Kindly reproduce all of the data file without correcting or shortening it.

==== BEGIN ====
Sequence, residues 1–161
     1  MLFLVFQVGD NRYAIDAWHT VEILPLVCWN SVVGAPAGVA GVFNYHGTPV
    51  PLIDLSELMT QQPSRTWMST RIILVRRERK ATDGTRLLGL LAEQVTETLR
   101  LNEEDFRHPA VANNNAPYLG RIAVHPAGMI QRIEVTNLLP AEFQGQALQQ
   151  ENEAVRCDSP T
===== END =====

Sequence, residues 1–161
     1  MLFLVFQVGD NRYAIDAWHT VEILPLVCWN SVVGAPAGVA GVFNYHGTPV
    51  PLIDLSELMT QQPSRTWMST RIILVRRERK ATDGTRLLGL LAEQVTETLR
   101  LNEEDFRHPA VANNNAPYLG RIAVHPAGMI QRIEVTNLLP AEFQGQALQQ
   151  ENEAVRCDSP T